not so sure about that it looks like uber are bullet proof and will dominate the world taxi market so I think it's more a case of ensuring survival because I honestly believe in 5 years time that Uber will have 20 percent + of the UK market so working with them and not in competition might be a good survival strategy

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PostPosted: Sun Apr 24, 2022 12:02 pm 
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Uber's 'partnering' with local ops is just their usual PR spiel - what they intend, effectively, is more like a takeover rather than a merger.

Of course, that's not to say it'll work out that way, but if Uber could effectively put local ops out of business, then I'm sure they would.

And, whichever way you look at it, even as things stand Uber gets a cut of every booking that goes through its app. And that's a cut that would previously have gone to local operators.


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PostPosted: Sun Apr 24, 2022 12:06 pm 
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Can't remember precisely what happened in Southend with Uber, but it was all very messy.

But I'm guessing this piece is in essence nonsense - if Uber wanted to operate in Southend using cars plated elsewhere, I'm quite sure they could. They can't be 'banned' from Southend.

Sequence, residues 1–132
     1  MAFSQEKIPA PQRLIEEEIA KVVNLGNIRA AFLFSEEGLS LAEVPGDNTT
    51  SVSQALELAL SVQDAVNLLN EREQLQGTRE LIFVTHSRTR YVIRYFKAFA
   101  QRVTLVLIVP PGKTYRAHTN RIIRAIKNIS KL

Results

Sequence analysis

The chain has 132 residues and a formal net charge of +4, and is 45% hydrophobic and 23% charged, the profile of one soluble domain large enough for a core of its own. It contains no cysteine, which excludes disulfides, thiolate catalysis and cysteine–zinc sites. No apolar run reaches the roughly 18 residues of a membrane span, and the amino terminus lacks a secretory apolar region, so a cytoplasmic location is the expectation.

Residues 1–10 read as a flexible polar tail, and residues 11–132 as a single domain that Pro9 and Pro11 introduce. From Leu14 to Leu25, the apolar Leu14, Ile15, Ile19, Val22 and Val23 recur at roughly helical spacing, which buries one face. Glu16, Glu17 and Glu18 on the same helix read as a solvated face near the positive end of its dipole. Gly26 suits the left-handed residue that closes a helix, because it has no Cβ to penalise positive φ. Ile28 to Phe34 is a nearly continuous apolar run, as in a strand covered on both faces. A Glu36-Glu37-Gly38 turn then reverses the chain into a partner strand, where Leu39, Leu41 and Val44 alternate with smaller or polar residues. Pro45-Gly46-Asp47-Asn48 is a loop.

By the same token, I'm quite sure if they could find an operator willing to 'partner' with them, then that would happen as well :?


Uber taxis in Southend? Residents call for service to return

https://www.echo-news.co.uk/news/200869 ... ce-return/

CALLS are mounting for Uber to return to Southend and join forces with local taxi firms to offer easier transport links to residents.

The global taxi giant launched its “local cab” scheme in Benfleet and Canvey last week, which allows passengers to book a trip with “local taxi companies” via the Uber app.

Now, residents are calling for a similar service in Southend.

Four years ago Southend Council, then run by the Conservatives, banned Uber from operating in the area.

“When we used to have Uber in this area it improved the situation immeasurably,” Barry Jones, 51, of Leigh, said.

“It’s quick, efficient, reasonably priced, and safe. Unfortunately, whenever the subject is raised the organised traditional taxi collective rallies round to spread scare stories to save their own hides.”

“Not having the service is hurting the night-time economy, as people won’t go on nights out there as it’s hard to get a cab back.

He added: “Denying Uber to the area is surely a restrictive practice? Closed shops aren’t very modern Britain.”

Harriet O’Brien, 58, of Leigh added: “I think it would be great to have Uber here. Our taxi services are overstretched at the moment and often you have to wait a long time to get one.”

Both residents say they would like to see Uber’s “local cab” scheme which has now been launched in more than 40 locations across the UK replicate in Southend.

The scheme means anyone using the Uber app in Benfleet and Canvey will now be presented with the “local cab” option, which will connect them to Benfleet-based ABC Taxis.